Mathematics Stack Exchange is a question and answer site for people studying math at any level and professionals in related fields. Join them; it only takes a minute:

Sign up
Here's how it works:
  1. Anybody can ask a question
  2. Anybody can answer
  3. The best answers are voted up and rise to the top

Five people ( three women and two men ) arrange themselves in five consecutive seats. Find the probability that the men will be in two adjacent seats.

Please give me an answer as well as an explanation so I can learn from it. Thanks.

share|cite|improve this question
Are there 2 men and 3 women? – amWhy Jun 21 '13 at 21:39
@amWhy Yes sorry left that out – MethodManX Jun 21 '13 at 21:40
up vote 2 down vote accepted

Assuming that each arrangement is equally probable.

Man A can sit in an end seat with $p=0.4$, in which case there is 1 seat for Man B which he can take with $p=0.25$, giving $p=0.1$ for this situation.

Man A can take a middle seat with $p=0.6$, giving Man B a $p=0.5$ chance of taking one of the two available seats, $p=0.3$.

Adding these together gives $p=0.4$.

share|cite|improve this answer

Consider "gluing" the two men together, so that there are really four slots to consider.

They can sit in seats 1&2, 2&3, 3&4, 4&5.

So we have essentially, four ways the two men (glued together) can sit next to each other, and then 3! ways in which the three women can take up the remaining seats 3. That gives us $4\cdot 3! = 4!$. In addition, the two man can swap positions, so we can "unglue" them, swap them, thus doubling the possibilities. This gives us $2\cdot 4!$ ways in which the men will be sitting together.

Now, there are $5!$ total possible combinations in which five total people can sit in 5 consecutive seats: 5 possible seats in which person one might sit, then 4 remaining seats where person two might sit, down to 3 seats options for person 3, etc until only one remaining seat where the fifth person must sit. This gives us $5\cdot 4\cdot 3 \cdot 2 \cdot 1 = 5!$ possible arrangements in which 5 people can sit.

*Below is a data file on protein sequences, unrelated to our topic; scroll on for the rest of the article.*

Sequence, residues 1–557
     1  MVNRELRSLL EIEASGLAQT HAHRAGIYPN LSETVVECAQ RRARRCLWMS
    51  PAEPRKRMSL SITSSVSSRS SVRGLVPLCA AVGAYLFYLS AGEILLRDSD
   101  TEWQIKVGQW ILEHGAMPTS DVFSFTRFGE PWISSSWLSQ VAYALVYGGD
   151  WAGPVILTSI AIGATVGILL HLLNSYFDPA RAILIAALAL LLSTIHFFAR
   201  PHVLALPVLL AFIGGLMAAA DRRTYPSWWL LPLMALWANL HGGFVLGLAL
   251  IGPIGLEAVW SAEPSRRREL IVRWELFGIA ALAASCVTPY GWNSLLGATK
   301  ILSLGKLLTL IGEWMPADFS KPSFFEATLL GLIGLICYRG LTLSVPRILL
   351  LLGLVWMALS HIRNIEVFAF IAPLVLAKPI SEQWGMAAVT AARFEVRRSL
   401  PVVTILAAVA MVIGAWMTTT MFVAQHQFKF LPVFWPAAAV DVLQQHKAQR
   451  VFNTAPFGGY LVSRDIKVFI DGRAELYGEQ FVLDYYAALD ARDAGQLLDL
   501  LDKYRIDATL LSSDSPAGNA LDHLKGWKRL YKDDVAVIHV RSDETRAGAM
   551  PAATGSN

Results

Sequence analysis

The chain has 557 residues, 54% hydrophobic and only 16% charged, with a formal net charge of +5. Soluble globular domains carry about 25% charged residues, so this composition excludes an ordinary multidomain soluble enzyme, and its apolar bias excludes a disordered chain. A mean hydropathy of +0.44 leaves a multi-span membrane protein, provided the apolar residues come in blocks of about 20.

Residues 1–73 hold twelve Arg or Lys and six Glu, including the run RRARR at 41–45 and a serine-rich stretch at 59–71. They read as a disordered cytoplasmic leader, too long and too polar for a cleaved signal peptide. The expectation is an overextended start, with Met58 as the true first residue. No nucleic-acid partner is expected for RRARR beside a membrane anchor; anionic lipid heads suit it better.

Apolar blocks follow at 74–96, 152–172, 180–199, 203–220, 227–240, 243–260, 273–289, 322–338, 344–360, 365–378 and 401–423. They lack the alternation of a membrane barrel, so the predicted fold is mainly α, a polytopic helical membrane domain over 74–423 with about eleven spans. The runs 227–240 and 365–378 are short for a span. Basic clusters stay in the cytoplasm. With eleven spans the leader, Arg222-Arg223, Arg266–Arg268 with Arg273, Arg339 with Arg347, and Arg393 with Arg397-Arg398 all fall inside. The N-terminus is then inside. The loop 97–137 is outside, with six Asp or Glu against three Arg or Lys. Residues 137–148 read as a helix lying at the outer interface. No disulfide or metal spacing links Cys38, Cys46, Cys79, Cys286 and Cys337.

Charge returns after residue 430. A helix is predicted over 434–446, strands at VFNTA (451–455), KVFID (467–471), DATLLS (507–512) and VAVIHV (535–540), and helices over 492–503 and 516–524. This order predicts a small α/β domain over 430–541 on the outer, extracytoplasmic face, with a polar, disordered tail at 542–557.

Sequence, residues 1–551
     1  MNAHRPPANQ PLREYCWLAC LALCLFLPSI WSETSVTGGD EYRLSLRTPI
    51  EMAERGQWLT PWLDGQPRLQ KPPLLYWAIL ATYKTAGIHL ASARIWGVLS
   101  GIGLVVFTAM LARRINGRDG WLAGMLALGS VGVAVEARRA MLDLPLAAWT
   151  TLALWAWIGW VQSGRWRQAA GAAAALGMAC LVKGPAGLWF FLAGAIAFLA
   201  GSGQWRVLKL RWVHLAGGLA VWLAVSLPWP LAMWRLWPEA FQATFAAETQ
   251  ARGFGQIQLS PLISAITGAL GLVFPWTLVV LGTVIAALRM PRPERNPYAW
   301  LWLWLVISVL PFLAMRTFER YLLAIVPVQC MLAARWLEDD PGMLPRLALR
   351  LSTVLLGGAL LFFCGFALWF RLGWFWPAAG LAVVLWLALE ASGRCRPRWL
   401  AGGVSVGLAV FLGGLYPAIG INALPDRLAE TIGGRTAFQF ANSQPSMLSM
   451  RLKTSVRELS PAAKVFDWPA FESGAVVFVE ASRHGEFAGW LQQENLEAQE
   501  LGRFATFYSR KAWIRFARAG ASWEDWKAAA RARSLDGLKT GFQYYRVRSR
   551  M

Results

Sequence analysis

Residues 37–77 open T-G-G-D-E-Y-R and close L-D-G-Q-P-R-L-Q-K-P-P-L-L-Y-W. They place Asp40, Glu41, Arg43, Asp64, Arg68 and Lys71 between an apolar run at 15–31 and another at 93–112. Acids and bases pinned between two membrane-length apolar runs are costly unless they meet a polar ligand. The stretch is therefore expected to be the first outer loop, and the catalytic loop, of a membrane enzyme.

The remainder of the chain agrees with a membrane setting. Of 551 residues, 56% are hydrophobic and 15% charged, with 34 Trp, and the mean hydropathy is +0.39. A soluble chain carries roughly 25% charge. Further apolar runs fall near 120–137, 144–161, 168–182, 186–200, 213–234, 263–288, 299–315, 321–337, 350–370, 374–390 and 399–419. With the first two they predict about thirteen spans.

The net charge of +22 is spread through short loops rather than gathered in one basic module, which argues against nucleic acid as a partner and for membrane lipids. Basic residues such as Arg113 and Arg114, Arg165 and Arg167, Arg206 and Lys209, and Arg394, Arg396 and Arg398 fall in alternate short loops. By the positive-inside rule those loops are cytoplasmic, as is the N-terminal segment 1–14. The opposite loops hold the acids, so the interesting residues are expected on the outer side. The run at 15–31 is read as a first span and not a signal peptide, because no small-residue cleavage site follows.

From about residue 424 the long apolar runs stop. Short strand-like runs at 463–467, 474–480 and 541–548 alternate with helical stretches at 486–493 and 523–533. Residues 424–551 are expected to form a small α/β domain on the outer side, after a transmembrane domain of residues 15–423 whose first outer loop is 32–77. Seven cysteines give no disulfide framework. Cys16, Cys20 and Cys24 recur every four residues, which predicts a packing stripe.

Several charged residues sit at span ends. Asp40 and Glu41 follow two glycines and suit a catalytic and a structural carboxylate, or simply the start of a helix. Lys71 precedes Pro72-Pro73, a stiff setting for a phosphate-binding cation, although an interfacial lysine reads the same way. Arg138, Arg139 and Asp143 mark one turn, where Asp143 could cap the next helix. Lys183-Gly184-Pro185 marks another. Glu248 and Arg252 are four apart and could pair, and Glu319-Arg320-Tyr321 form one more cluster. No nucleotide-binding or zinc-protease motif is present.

So our probability $p$ that two men will sit next two each other will be the (number of arrangements in which two men must be seated together), divided by (the total number** of all possible seating arrangements, without restrictions), giving us: $$p = \dfrac {2\cdot 4!}{5!} = \dfrac 25 = 0.4$$

Of course, we are assuming here that every possible seating arrangement has equal probability: i.e., that the assignment of any one of the five people to any of five consecutive seats is random.

share|cite|improve this answer
there are 8 ways the men can be arranged not 4, you have neglected that Man A on the left is different to man B on the right – Dale M Jun 21 '13 at 21:54
+1 for "gluing" the two men together. Hehe :) – Prism Jun 21 '13 at 22:11
Thanks, @Prism ! – amWhy Jun 21 '13 at 22:11
@amWhy: I was glued to this response! :-) +1 – Amzoti Jun 22 '13 at 0:43

We will choose a pair of seats and put a "Reserved for Men" sign on it. The pair of seats can be chosen in $\binom{5}{2}$ equally likely ways.

Now think of the seats as X X X X X. There are $4$ ways to choose an adjacent pair of seats on which to put the Reserved signs. For the leftmost chosen seat can be any of the first four. Thus the required probability is $$\frac{4}{\binom{5}{2}}.$$

share|cite|improve this answer

Your Answer


By posting your answer, you agree to the privacy policy and terms of service.

Not the answer you're looking for? Browse other questions tagged or ask your own question.